Handy Kennedy Jr., operator of HKJ Ranch, values investing, managing and caring for the land that provides for his livestock. The Army veteran said being a good steward requires a commitment of time and resources which are vital for ranchers.
In 2018, Kennedy formed a relationship with Fort Valley State University’s Cooperative Extension Program. Through FVSU Extension specialists and agents, he learned management strategies to run a profitable cow/calf operation.
These strategies included marketing; beef cattle enterprise budgeting; genetic selection; nutrition, forage, herd, and risk management strategies along with carcass merit evaluation. He also developed a more in-depth understanding of expected progeny differences (EPDs), which are predictions of genetics transmitting ability of a parent to its offspring. He used EPD’s to select desired traits for his herd.
He credits professors and animal science Extension specialists, Dr. Ralph Noble and Dr. Nikki Whitley. He also credits Stefan Price, FVSU Extension agent for Bulloch, Tattnall, and Emanuel counties, for assisting him with the incorporation of EPD technology.
Noble said the use of EPD technology has made Kennedy’s operation more profitable and enjoyable. The FVSU professor said Kennedy now knows how to evaluate his herd and how to carefully select a bull that will improve his herd, his calves and increase income. “The progress he’s made is the most I’ve ever seen during my entire professional career,” Noble said.
Kennedy agrees that using proven data and embracing new technology has kept him profitable in the cow/calf business.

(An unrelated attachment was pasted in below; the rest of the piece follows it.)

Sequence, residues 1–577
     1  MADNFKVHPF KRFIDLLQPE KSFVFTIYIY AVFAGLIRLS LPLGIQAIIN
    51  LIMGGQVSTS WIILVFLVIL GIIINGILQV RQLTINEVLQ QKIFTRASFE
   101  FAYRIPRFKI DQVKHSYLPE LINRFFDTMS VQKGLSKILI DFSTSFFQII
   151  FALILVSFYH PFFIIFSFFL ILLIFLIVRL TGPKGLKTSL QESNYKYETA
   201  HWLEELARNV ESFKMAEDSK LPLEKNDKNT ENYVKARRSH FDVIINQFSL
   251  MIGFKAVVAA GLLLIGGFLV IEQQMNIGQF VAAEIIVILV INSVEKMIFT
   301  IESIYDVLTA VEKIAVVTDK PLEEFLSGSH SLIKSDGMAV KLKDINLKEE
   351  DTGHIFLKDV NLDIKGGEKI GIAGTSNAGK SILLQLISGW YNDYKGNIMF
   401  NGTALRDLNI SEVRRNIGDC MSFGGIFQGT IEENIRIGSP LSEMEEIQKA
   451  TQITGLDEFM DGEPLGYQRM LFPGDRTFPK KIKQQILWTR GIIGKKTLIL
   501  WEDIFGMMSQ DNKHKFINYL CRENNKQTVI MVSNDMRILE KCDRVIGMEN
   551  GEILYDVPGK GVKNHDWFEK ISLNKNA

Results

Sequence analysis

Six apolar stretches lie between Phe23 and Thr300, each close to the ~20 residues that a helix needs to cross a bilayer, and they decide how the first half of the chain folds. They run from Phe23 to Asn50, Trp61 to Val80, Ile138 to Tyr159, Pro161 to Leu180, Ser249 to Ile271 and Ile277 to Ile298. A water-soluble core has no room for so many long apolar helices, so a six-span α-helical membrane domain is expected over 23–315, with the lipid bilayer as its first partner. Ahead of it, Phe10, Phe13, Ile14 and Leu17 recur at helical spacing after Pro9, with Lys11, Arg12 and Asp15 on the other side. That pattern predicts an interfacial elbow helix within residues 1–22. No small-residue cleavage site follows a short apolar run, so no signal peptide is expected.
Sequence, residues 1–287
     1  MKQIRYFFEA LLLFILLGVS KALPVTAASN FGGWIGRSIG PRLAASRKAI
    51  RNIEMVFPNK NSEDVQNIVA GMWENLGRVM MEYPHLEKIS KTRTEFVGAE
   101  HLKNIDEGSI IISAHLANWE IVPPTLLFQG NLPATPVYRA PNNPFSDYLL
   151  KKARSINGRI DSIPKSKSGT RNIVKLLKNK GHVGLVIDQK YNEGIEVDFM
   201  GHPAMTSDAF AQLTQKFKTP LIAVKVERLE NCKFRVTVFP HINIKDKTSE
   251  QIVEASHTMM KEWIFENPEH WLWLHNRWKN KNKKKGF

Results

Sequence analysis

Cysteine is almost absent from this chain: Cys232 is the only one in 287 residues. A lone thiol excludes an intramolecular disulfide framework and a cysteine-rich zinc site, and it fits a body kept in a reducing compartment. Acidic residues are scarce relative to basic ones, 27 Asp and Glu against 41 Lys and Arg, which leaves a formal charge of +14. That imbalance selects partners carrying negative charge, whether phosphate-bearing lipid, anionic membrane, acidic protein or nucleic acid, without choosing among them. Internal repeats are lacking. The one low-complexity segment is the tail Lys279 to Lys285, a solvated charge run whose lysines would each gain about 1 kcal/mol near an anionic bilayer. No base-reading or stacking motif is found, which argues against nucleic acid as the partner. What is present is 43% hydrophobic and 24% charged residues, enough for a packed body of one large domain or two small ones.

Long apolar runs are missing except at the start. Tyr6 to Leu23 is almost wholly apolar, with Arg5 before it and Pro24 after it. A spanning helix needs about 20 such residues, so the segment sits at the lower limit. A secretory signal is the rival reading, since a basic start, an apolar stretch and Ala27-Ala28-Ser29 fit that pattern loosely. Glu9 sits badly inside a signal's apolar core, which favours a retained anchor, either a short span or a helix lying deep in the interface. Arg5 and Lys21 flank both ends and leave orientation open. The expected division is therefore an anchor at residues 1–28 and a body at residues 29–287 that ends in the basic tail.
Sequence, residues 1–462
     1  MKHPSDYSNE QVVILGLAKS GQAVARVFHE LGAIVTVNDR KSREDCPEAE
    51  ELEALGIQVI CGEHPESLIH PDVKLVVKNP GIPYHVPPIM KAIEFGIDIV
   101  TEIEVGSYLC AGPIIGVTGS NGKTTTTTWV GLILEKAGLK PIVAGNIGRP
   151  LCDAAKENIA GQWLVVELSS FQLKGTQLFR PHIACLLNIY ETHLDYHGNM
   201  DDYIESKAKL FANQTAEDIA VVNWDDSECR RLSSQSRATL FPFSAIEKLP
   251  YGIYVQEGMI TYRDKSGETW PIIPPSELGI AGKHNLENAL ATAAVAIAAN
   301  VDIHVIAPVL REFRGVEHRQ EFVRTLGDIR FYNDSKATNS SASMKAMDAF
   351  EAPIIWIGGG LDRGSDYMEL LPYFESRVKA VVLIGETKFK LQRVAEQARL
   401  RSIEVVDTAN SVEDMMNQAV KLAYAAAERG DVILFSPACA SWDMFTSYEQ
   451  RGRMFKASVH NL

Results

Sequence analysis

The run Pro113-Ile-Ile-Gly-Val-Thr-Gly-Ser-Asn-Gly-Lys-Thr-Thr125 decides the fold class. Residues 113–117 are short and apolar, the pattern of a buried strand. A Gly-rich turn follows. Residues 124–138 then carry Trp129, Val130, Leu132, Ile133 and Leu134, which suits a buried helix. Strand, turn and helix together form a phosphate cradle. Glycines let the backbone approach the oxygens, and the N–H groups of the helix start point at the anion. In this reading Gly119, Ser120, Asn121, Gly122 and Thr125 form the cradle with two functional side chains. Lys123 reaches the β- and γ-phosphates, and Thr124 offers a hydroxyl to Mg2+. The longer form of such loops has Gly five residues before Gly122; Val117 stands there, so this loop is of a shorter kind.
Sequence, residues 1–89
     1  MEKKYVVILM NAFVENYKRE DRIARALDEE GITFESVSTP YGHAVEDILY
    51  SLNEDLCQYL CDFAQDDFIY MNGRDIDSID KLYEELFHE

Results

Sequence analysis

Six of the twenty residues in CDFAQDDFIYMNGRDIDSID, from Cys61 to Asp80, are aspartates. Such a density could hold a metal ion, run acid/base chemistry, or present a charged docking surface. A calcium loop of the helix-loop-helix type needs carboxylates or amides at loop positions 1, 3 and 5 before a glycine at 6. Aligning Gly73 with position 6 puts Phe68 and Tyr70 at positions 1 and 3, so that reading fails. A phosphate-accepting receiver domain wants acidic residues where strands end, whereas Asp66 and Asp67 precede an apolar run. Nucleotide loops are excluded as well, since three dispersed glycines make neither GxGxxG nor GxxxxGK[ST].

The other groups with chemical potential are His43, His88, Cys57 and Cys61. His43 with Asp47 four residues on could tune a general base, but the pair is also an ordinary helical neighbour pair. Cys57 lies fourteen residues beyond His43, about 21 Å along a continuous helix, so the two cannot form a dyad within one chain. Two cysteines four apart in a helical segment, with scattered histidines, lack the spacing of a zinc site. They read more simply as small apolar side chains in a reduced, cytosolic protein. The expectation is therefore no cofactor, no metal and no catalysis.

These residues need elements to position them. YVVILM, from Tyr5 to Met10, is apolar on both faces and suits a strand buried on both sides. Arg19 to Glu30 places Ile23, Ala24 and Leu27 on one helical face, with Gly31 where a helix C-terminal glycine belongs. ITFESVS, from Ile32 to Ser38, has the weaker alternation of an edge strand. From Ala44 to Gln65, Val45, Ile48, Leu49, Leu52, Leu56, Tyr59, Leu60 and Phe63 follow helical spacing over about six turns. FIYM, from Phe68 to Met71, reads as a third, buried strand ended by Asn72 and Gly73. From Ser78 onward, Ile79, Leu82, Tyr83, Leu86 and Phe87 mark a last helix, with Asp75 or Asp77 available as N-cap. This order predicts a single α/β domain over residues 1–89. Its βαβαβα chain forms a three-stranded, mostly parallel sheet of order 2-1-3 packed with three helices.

“Dr. Noble taught me the entire cattle operation cycle,” Kennedy said. “He showed me how to use it on my ranch to be more efficient and raising beef cattle that add-value at each stage of the cow’s life cycle. Now, I understand how ranchers, who embrace data and technology, have a competitive advantage over those ranchers, who do not.”
In addition to his partnership with FVSU, Kennedy has received assistance from government agencies. Since 2011, the cattle rancher has utilized farm loan programs offered through the U.S. Department of Agriculture (USDA), Farm Service Agency (FSA) He has also received assistance from the Natural Resources Conservation Service (NRCS) Environmental Quality Incentives Program (EQIP) and Conservation Stewardship Program (CSP). These resources and technical assistance services contributed to improving the land, cow/calf operation and purchasing updated equipment to operate a more efficient ranching business.
Kennedy advises small farmers to start with a business plan and livestock enterprise budget. “The agencies are willing to help if they understand your vision, business plan, and see your progress,” Kennedy said.
Expanding Marketing Opportunities
Kennedy serves as one of the founding members of AgriUnity. “AgriUnity thrives on teaching and assisting ranchers on raising value-added cattle, which allows ranchers to have access to other markets to sale their cattle (i.e., directly to consumer, truckloads, online etc.). Our goal is to help ranchers be successful by sharing our experiences and best practices to hopefully mitigate mistakes and improve their cattle operation. Essentially, AgriUnity is a network of goal-oriented ranchers with a shared vision and a collaborative-spirit that allows them to express their passion ranching and make a profit.” Kennedy said.
Learning and adopting new technologies
Handy explained that higher input costs, inefficient processes, and not adopting and adapting to new technologies are the main factors that contribute to lower profit margins. To improve his cattle operation, Kennedy understands the importance of incorporating advanced technological practices “In the past, I spent resources using obsolete processes, outdate technologies, and raising unproductivity livestock,” he said. “Now I invest resources into more robust processes, newer technologies and raising added-value cattle that creates higher profits margins for the ranch.”
Overall, Kennedy aims to take care of the land that takes care of his livestock and family. In addition, to building a community of ranchers that are willing to put the interest of the group ahead of their own personal interest to support communities with the goal of feeding America.